Saturday, April 05, 2008

My Query Letter to Ms. Wood

Due to overwhelming demand (i.e. Julie and Josephine), I've posted the query letter I originally sent to my (*tra la!* My. Hee!) agent, Eleanor Wood of Spectrum Literary Agency, below.

A few things first, however. A lot of my excellent and brilliant blogging buddies helped me hone this version of the letter in this post, and I really want to thank them again for their input and fine suggestions. Every one of their comments was useful, helpful and made me think carefully about what I was doing in the letter, line by line. This query wouldn't have been nearly as strong without their kind assistance.

Also, as a caveat, I have to say I don't actually think the query letter was the thing that kicked me over the last hurdle. This manuscript got rejected by almost thirty agents before I got an acceptance, and most of those rejections were form letter passes. This is what I think really made the difference:

I had the good fortune of having Nathan Bransford, a literary agent for Curtis Brown, Ltd., critique my query letter and sample pages on his blog in December. His reaction was basically, "Nice query letter; your pages don't work." He then gave me very specific comments about what the issues were, and his blog and mySpace readers chimed in with their thoughts also.

And dang, it was painful, but he (and they) were so very, very right. His critique did what all good critiques do: it made me see into my own blind spot. I balled up in wibbley self-doubt for a period of time, but then I sat down with my opening scene and rewrote that puppy within an inch of its life.

I queried four more agents with the new pages, and one of those agents was Ms. Wood.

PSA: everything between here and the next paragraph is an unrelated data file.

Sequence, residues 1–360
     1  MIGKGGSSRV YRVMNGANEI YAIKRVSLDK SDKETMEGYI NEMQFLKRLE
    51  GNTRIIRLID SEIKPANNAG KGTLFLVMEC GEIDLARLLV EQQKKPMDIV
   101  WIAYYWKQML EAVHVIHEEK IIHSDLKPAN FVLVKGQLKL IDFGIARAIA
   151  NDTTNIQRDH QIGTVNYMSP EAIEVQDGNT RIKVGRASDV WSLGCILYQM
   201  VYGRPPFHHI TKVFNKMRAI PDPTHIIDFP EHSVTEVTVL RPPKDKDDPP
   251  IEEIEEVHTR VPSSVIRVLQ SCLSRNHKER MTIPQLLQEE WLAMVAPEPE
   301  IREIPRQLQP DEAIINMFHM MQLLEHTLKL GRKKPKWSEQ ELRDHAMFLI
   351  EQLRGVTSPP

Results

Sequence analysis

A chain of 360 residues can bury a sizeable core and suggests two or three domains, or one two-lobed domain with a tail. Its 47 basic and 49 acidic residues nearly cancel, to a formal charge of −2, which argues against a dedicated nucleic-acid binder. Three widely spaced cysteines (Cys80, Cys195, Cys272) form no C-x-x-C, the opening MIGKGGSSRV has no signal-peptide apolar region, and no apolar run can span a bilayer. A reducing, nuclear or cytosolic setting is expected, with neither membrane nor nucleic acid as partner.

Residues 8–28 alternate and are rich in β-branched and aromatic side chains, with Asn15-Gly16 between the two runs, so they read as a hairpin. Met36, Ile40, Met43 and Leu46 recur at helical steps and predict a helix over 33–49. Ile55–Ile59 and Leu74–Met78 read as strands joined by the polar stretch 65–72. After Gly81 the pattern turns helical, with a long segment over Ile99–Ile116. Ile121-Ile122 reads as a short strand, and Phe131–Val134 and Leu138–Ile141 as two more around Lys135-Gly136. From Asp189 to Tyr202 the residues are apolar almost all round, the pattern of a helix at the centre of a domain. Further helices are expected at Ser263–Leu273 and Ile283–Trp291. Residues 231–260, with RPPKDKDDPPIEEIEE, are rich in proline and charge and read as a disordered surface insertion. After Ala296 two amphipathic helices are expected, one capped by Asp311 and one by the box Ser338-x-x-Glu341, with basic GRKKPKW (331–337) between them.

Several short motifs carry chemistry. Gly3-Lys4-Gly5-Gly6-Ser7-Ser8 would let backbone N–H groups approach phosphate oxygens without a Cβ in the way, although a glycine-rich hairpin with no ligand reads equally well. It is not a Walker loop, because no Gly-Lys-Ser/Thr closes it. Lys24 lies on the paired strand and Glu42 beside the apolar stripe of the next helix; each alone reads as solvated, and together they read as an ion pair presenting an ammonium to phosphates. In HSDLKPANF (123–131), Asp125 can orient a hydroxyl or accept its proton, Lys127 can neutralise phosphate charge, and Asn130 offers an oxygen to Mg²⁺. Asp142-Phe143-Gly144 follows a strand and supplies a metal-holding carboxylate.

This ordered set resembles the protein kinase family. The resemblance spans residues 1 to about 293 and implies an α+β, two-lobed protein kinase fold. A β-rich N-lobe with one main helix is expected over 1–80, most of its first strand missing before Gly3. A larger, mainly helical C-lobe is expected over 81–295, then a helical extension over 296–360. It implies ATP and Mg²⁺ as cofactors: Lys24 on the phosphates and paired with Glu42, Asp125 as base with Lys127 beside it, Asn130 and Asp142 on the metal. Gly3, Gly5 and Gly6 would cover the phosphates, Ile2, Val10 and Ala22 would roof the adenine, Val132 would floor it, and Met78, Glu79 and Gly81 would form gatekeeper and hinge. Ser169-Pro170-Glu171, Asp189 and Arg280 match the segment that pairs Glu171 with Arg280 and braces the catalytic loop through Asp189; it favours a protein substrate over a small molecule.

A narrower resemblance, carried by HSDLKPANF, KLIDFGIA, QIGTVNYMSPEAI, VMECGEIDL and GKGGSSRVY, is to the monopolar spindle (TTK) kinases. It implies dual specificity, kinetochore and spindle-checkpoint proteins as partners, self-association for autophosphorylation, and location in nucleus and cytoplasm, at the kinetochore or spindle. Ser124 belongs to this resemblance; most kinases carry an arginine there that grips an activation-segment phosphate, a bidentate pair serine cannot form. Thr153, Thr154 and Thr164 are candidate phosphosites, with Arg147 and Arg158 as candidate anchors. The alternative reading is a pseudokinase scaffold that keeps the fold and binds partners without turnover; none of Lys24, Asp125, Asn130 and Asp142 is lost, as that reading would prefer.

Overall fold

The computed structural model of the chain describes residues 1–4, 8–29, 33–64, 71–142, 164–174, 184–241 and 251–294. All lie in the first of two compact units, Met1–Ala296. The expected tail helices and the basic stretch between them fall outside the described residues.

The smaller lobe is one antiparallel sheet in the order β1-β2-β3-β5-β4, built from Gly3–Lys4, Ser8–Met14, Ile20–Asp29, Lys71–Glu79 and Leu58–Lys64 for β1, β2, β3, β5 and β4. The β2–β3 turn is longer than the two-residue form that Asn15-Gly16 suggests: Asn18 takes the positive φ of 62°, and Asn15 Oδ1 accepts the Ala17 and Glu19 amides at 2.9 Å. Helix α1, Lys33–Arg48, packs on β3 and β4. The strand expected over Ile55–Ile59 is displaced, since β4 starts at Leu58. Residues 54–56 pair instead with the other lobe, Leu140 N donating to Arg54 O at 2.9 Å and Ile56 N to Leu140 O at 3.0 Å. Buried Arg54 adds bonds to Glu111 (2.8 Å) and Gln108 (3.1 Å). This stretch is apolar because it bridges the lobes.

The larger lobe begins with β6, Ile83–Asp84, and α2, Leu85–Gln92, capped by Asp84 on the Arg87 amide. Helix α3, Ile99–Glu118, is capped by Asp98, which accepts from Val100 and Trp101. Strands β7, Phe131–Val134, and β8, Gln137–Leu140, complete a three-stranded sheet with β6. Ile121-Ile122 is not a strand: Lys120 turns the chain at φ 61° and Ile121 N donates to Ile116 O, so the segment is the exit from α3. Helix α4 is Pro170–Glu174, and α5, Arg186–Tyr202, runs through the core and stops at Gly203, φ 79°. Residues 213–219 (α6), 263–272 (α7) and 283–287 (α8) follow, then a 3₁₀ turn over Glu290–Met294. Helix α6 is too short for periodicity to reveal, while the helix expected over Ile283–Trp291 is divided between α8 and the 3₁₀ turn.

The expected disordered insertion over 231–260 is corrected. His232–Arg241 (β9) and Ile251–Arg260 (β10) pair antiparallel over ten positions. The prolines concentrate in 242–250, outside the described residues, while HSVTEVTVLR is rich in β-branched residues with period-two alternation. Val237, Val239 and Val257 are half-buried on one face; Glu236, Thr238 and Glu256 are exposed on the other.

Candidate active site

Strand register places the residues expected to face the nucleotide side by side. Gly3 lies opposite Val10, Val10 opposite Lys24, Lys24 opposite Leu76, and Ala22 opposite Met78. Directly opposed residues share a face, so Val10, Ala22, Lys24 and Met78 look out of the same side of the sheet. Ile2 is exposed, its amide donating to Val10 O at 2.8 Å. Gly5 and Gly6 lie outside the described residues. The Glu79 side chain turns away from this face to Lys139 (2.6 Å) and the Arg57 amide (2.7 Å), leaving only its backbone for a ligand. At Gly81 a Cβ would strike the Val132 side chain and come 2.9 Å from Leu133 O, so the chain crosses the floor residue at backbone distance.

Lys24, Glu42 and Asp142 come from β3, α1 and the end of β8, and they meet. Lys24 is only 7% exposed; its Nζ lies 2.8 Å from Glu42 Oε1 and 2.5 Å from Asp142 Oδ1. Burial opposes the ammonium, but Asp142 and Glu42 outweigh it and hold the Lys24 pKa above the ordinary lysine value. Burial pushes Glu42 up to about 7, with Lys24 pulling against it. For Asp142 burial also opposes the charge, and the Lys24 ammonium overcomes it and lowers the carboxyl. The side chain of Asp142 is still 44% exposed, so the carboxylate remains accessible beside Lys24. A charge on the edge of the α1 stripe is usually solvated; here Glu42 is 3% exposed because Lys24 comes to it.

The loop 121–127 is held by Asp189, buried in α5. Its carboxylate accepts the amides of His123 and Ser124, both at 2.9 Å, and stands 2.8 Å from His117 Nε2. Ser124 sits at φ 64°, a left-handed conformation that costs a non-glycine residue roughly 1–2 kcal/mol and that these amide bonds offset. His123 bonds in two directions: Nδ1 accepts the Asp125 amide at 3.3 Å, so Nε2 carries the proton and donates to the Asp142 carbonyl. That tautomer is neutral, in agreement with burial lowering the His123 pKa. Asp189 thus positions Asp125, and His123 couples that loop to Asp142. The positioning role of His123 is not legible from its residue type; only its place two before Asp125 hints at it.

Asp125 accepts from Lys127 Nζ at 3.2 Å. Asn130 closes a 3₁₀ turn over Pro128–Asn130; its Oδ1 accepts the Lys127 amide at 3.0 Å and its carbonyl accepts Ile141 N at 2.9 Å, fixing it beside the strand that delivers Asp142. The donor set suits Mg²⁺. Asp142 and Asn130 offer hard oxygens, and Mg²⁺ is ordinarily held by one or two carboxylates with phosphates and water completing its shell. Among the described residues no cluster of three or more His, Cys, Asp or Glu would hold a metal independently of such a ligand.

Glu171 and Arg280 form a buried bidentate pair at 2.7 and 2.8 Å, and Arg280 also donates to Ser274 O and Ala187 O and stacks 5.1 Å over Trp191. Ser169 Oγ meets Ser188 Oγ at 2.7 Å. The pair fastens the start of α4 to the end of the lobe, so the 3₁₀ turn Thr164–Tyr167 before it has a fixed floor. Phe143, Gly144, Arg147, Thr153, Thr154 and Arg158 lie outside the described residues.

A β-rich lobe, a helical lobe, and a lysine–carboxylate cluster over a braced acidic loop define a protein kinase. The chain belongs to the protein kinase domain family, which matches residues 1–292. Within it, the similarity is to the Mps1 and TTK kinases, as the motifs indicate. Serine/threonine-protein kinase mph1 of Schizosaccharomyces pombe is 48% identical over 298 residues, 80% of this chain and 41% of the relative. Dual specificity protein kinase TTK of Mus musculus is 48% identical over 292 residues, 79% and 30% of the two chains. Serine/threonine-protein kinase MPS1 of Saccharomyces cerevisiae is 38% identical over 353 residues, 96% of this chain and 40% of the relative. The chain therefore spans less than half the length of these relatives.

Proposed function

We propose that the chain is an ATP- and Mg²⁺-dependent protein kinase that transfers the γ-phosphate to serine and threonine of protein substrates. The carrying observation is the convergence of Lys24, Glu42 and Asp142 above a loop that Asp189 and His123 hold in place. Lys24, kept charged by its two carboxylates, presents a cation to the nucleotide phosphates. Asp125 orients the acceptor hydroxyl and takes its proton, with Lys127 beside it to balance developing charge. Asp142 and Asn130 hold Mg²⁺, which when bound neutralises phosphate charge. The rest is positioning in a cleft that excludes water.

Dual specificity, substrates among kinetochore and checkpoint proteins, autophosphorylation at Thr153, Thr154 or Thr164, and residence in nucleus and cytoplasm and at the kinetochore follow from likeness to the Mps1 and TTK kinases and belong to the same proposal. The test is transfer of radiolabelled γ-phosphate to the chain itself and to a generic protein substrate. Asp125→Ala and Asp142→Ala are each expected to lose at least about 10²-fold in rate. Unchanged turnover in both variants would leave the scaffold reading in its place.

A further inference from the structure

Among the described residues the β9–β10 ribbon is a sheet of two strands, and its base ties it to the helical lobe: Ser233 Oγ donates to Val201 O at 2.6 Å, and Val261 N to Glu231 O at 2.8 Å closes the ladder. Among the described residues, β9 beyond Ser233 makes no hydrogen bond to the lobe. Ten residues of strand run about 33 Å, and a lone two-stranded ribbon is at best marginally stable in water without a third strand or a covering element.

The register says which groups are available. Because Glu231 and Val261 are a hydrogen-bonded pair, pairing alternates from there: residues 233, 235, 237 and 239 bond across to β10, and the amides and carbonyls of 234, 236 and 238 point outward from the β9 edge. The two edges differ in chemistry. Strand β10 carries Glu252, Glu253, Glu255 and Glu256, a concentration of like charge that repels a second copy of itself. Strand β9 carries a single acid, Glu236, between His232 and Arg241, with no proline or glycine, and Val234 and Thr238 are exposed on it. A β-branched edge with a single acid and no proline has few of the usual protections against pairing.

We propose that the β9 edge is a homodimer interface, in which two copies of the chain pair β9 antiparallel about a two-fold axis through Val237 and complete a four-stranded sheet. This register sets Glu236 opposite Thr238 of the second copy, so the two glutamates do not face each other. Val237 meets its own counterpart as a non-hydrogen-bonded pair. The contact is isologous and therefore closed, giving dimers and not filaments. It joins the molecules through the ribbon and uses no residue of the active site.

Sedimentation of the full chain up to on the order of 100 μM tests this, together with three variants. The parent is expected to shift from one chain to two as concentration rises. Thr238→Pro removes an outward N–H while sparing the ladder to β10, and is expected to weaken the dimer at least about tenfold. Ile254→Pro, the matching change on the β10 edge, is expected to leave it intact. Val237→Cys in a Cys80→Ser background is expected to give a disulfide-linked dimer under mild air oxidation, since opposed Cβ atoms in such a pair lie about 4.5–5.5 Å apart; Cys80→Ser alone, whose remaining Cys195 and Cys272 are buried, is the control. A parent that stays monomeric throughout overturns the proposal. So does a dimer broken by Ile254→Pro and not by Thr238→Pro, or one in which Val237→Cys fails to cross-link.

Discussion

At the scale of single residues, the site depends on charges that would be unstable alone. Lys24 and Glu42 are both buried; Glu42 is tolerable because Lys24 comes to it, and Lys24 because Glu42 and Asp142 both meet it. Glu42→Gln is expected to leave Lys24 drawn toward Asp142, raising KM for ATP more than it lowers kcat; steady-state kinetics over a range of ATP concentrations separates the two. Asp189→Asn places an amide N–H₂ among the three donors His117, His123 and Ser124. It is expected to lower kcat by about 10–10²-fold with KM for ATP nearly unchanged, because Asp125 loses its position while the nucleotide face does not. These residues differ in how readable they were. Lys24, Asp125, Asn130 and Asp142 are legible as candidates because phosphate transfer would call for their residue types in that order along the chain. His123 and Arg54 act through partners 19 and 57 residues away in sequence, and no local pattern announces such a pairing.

I think my query letter was strong (thank you, blogging buddies!), but I'm certain the rewrite is what made the difference. (By the way, when I thanked Mr. Bransford again for his help, his reply really cemented my opinion that he is one heck of a class act. All of you aspiring writers: query Nathan first! He would make a fantastic agent for you.)

That all said, here's the query I sent to Ms. Wood:

Dear Ms. Wood,

Arthur C. Clarke said sufficiently advanced technology is indistinguishable from magic. In DARK HEIR, my 94,000 word science fantasy novel, a damaged A.I. litters the world with unstable "magical" guardians to protect a peace that failed thousands of years ago.

Katirin is a princess of such embarrassing parentage her family forced her into a convent to get her out of the royal succession. She just discovered that the convent's priestesses, who share a communal mind and seek only to increase their numbers, aren't holy women serving God, but empty husks puppeteered by what Katirin believes is a demon. If she doesn't escape, the creature will devour her soul.

For Katirin, however, evading telepathic priestesses and her irate family isn't enough. She can see the demon's hunger will one day destroy the nation she should have ruled, so Katirin vows to stop the creature--but how do you kill a demon that lives in a thousand bodies? And what if the monster turns out to be the most benign weapon humanity ever created?

DARK HEIR reads like fantasy but with a science fiction twist that makes it unlike any book on the market today. I'm deeply impressed by your agency's client list (Lynn Flewelling is a particular favorite, thanks to her Nightrunner series) and I hope you will consider my novel for representation.

I am a physicist, visual artist and rock climber. DARK HEIR is my first novel and is available upon request. Thank you for your time and consideration; I look forward to hearing from you.

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